The Case Against Anterior Approach for Primary Total Hip Arthroplasty

Donald S. Garbuz M.D., MHSc, FRCSC
Professor and Head
Division of Lower Limb Reconstruction and Oncology
Department of Orthopaedics
University of British Columbia
Vancouver, BC 

Over the last ten years several "new" surgical approaches have been introduced for use in total hip arthroplasty. These started with the MIS movement. According to their advocates, all these approaches will speed recovery and improve patient outcomes. These improvements were based on the theory that these approaches will be superior due to minimal damage to the muscles and soft tissues around the hip. Two of the more widely "touted" approaches were the 2-incision approach and the mini Watson-Jones. 

 

The 2-incision approach launched the era of minimally invasive hip surgery. Its advocates touted the soft tissue sparing nature of this approach. Claims were also made that recovery was quicker. The proponents of this approach published articles highlighting its advantages. However independent studies did not back up these claims. One study out of the Mayo Clinic looked at the muscle damage associated with the 2-incision and unlike the proponents of this approach; this study found that there was marked damage to muscle groups. In addition a RCT from the Mayo Clinic found no clinical advantage over the posterior approach when comparing it with the 2-incision. Lastly, like all new approaches, there is a learning curve. For some approaches such as the 2-incision this can be very steep and one has to be cognizant of this when adopting any new approach.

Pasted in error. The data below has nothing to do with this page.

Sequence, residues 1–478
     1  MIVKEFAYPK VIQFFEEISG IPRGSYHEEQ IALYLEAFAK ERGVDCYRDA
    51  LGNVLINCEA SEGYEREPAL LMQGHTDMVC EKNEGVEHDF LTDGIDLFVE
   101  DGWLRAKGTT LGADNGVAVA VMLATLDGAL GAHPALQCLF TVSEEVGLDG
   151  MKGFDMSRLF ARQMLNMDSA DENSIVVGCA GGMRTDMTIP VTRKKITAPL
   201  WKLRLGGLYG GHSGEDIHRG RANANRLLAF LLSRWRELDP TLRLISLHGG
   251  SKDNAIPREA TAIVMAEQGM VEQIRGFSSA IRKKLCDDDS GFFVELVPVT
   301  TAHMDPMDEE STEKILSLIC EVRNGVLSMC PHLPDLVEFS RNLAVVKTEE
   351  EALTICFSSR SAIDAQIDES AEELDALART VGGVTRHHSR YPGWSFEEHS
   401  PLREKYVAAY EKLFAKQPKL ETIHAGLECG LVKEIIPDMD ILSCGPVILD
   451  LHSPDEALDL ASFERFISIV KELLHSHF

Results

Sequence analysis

The next approach that was touted as superior was the mini Watson-Jones. This approach was intermuscular and again claimed to result in superior outcomes due to minimal, if any, muscle damage. At our centre we did adopt this approach and then conducted an RCT against the mini posterior and mini direct lateral. In this study by non-advocates, we found no difference in clinical outcomes and no difference in recovery rates between groups. The only significant findings in our study were a higher subsidence rate and a higher intraoperative fracture rate with the mini Watson-Jones. Due to the unpredictable exposure gained with this approach, and the results of this study, we abandoned this approach in total hip arthroplasty. 

The two examples above show that claims about new approaches should be put to the scientific test. The downside of a steep learning curve may be acceptable if there is some benefit to the patient after the surgeon gets through the learning curve. As has been seen with the 2-incision and mini Watson-Jones, research studies have not supported claims of benefit. For these reasons these two approaches have largely been abandoned at most centres. They still have a small role as "niche" approaches by select surgeons on select patients. 

The 'new kid on the block' for surgical approaches is the anterior supine approach to the hip. Advocates for other MIS approaches claim its merits based on minimal muscle damage. Other advantages have already been highlighted. 

There are some significant downsides. The first is it may require the use of a special table costing several hundred thousand dollars. Advocates now claim that this is not necessary. Another downside is a significant number of patients will have damage to the lateral cutaneous nerve of the thigh. While not a major complication, it can be a nuisance especially if this new approach does not add benefit. 

To date, no comparative study has been published showing the benefit of this approach or even that it is as safe as other approaches. No data is available on learning curve. We do not know if this is an approach for all surgeons or just high volume arthroplasty surgeons. These are important factors to know before it is more widely adopted. 

Am I against this approach? No, I am not, but we should be cautious about widespread adoption. We must learn its limitations in terms of both patients and surgeon selection. I think in the right surgeon with the right patient it works, but to date there is no evidence that it works any better. I am not against it, I even sent my mother-in-law to a colleague where she had a successful total hip through the anterior approach. Does this mean it works? In this surgeon's hands and in this patient, yes - but let's be cautious before we adopt it widely.

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